"In lively prose, this book blends today's cultural idioms with serious biblical scholarship. The result is a provocative read that will surely challenge the many easy assumptions we consumers of American pop culture make about Jesus, Paul, and the early followers of the Christ-movement. Greg Carey is a public theologian of the most serious sort." ~ Sze-kar Wan, Professor of New Testament, Southern Methodist University, Perkins School of Theology

"Many in our culture seem deeply interested in the question 'What would Jesus do?' yet largely uninformed about 'what Jesus did' two thousand years ago. In this smart and accessible book Greg Carey offers an illuminating sketch of the first century social landscape, allowing readers to see Jesus as his contemporaries did: as a transgressor of cultural norms. By explaining and celebrating the perception of Jesus as one who associated with fellow 'sinners,' this book provides a way of understanding the New Testament that can deliver Christians from their crippling tendencies to pursue respectability instead of imitating Jesus." ~ Matthew L. Skinner, Associate Professor of New Testament, Luther Seminary, Saint Paul

"Greg Carey sets forth an excellent and innovative example of how to read the character of Jesus from a literary, historical, and theological perspective, with an emphasis on ethics of interpretation for the postmodern world." ~ Francisco Lozada, Jr., Associate Professor of New Testament and Latina/o Church Studies, Brite Divinity School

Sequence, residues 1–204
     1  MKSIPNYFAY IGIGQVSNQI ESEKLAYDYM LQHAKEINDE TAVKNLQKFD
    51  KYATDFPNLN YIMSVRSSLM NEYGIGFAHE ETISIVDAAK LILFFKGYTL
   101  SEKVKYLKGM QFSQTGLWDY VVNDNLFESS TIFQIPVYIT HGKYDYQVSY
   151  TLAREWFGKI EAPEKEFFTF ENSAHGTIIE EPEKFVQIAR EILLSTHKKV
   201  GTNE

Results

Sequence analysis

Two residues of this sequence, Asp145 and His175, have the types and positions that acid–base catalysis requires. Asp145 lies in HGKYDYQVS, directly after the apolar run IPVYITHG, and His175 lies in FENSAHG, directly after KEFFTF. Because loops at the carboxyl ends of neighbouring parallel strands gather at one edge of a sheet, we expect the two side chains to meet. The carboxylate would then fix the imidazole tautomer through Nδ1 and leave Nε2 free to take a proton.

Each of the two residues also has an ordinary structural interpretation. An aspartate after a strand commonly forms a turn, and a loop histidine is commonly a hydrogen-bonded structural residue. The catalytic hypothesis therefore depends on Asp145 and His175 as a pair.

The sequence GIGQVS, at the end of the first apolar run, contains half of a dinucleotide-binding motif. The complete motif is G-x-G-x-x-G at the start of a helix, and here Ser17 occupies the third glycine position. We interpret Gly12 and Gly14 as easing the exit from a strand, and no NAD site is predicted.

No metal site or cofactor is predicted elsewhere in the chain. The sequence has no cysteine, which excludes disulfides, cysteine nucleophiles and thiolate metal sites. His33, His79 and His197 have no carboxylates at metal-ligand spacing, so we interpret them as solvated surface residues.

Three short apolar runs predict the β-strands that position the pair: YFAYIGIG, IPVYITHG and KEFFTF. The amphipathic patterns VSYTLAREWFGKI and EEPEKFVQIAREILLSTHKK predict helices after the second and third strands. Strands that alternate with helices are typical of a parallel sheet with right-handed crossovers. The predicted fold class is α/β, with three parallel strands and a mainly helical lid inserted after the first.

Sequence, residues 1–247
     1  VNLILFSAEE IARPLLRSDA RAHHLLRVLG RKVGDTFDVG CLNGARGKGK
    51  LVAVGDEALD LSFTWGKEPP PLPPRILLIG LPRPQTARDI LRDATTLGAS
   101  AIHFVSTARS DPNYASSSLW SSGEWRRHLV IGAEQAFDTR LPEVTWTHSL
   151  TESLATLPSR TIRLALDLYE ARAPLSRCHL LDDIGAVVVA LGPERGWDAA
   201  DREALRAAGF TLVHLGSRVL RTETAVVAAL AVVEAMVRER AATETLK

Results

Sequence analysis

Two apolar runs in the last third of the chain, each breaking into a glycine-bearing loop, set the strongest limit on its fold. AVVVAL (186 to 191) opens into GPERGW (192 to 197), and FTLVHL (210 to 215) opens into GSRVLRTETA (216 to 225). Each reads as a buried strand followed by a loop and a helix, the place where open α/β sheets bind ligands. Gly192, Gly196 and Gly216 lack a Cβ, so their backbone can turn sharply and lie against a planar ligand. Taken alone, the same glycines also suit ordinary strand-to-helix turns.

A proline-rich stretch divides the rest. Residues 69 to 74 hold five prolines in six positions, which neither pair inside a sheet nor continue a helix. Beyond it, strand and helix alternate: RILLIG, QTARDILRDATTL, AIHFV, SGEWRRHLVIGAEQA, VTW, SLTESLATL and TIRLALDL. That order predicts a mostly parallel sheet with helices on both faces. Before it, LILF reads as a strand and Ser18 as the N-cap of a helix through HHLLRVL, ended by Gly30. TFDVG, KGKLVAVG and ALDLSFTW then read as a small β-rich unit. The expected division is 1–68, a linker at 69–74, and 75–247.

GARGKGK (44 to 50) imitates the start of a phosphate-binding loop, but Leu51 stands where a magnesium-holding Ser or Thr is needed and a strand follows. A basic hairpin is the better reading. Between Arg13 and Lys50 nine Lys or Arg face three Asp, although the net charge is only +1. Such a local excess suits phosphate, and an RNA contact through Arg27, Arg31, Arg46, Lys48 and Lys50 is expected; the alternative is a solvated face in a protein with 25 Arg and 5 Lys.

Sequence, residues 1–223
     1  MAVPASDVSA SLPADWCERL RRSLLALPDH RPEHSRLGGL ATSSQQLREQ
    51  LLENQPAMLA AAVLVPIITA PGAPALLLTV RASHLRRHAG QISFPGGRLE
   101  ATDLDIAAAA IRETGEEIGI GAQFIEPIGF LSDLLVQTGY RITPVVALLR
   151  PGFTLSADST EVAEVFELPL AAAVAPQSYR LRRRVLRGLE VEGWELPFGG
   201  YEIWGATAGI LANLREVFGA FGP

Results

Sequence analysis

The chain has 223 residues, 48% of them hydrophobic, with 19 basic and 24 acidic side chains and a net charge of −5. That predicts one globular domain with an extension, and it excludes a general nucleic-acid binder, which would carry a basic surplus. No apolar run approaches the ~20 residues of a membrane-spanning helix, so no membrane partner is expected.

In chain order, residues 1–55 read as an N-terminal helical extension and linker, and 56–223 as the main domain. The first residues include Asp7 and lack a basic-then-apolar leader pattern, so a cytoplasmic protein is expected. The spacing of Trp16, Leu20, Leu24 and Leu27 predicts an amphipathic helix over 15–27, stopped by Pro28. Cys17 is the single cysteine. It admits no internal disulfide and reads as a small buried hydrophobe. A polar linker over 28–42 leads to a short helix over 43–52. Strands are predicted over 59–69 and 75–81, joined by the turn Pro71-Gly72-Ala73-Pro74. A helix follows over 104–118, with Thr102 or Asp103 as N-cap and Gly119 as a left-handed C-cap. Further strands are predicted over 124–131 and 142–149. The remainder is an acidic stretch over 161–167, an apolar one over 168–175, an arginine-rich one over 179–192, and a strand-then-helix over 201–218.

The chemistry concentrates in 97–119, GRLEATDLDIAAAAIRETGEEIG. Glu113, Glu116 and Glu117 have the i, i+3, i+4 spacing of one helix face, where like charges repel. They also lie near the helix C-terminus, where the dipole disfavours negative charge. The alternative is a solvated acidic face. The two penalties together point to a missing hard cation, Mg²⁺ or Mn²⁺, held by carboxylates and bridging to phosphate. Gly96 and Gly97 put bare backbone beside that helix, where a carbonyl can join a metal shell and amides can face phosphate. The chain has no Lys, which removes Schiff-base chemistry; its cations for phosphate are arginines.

"Carey's book is written in a lively and engaging manner that offers non-specialists an enjoyable and provocative look at the way in which Jesus and the first Christians frequently violated conventional social norms. . . . The book proceeds in some unexpected directions along the way but is very enjoyable and overall succeeds in making the reader think about the unconventional nature of early Christianity." ~ Gary W. Burnett, Journal for the Study of the New Testament, (2010, 32:5)

"Carey's argument challenges contemporary Christians to reconsider the relationship of the church with sin, shame, respectability and risk." ~ Cynthia Briggs Kittredge, Associate Professor of New Testament, The Episcopal Theological Seminary of the Southwest

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